All Posts Tagged as 'Reading'
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We are at the beginning of a global mental health revolution
Access to mental health services has never been more critical -- no matter where you live. Mental health disorders are increasing globally, and depression is the leading cause of disability in the world. One in four of us will experience a mental illness at some point in our lives, according to the World Health Organization.
And many more are indirectly affected by disorders experienced by someone we love.
In the United States, mental disorders among children and adolescents have reached a crisis level, with the country experiencing its highest suicide rate in 50 years.
My interest in mental health started more than 50 years ago in front of a cotton mill in Atlanta. It was 1966, when my husband, Jimmy Carter, was running for governor. I stood outside the entrance of the factory early in the morning, waiting to give people brochures as they left the night shift. An older woman came out, looking weary from work. When I asked if she would be able to get some sleep, she told me she hoped so, but that she had a daughter who had a mental illness and needed care while the woman's husband was at his job.
‘Evil’ suicide forum encouraged woman to kill herself, relatives say
Does Reading Help Improve Mental Health?
Why I created a mental health app for African Americans
The Big Problem With ‘Biblical Literacy’
America is, quite famously, a nation founded on the principle of freedom of religion. As a result it is easy to understand why many people would be uncomfortable with certain kinds of religious practices (mostly notably prayer) and education in public schools. A little over a week ago President Trump tweeted his support for the introduction of Biblical literacy classes in schools, drawing attention to efforts by a variety of Christian groups to put the Bible back on the high school agenda.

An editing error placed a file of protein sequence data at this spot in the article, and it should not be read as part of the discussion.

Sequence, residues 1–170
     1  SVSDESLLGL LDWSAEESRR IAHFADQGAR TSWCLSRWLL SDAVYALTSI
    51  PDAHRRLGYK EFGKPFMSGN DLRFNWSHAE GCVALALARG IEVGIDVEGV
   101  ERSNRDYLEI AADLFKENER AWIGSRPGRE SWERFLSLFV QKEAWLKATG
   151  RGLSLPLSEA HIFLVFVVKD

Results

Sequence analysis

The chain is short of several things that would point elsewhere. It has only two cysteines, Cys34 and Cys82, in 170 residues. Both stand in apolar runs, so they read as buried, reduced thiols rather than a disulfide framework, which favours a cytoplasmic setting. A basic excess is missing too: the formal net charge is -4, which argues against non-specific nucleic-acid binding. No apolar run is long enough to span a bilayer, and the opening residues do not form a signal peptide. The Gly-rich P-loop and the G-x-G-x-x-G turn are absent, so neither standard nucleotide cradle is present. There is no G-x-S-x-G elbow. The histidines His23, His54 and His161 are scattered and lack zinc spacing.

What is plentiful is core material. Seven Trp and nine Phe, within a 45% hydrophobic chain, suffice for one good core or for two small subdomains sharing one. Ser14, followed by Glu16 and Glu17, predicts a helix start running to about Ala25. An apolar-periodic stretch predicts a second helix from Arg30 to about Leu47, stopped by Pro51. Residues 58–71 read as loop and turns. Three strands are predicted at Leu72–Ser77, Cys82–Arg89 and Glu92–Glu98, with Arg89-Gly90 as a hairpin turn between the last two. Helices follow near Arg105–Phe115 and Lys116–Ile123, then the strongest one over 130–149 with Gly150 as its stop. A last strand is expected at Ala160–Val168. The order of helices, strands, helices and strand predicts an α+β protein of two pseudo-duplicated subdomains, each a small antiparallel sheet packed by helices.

Following Trump’s statement there was a flurry of media coverage of the issue. Fox News reported that “at least six states, Florida, Indiana, Missouri, North Dakota, Virginia and West Virginia have introduced legislation this year pushing for public schools to offer Bible literacy classes,” noting that these classes would be electives. (The Indiana bill is not actually a Bible course bill at all. It demands that the previously existing world religions electives class has to include a conversation about the Bible).
There is a strategy here: Project Blitz, an initiative sponsored by the Congressional Prayer Caucus Foundation, the National Legal Foundation and the WallBuilders ProFamily Legislative Network, has been orchestrating the push to create these bills.
As prominent SMU religious studies professor Mark Chancey has written, it’s actually already legal to teach the Bible in schools, so in some sense these bills are unnecessary. Courses like the one Trump is tweeting have been around for a century. Chancey told The Daily Beast that “it is important to recognize that Bible course bills and their sponsors may have different motivations…sometimes a bill is clearly about more than just biblical literacy, and that's definitely the case with Project Blitz bills.” Other measures that Project Blitz has called for includes the promotion of the motto “In God We Trust,” the introduction of a “year of the Bible” and the limiting of the rights of same-sex couples and transgender people. Chancey told me, “Project Blitz is weaponizing Biblical Literacy for the cultural wars.”
The Daily Beast
How the Catholic 'alt-right' aims to purge LGBTQ members from the church
The call for action against the "Forces of Organized Perversion" landed in the inboxes of conservative Roman Catholics across the country just before Election Day.
“Have you had enough?” activist Randy Engel wrote in a column that first appeared on the conservative website RenewAmerica.com. “Or will you wait until the Homosexual Collective’s hobnail boot is pressed on the neck of your prone body or that of your child or grandchild before reacting?”
“Cast your vote for God, family, and nation,” she wrote.
Some Libraries Are Facing Backlash Against LGBT Programs — And Holding Their Ground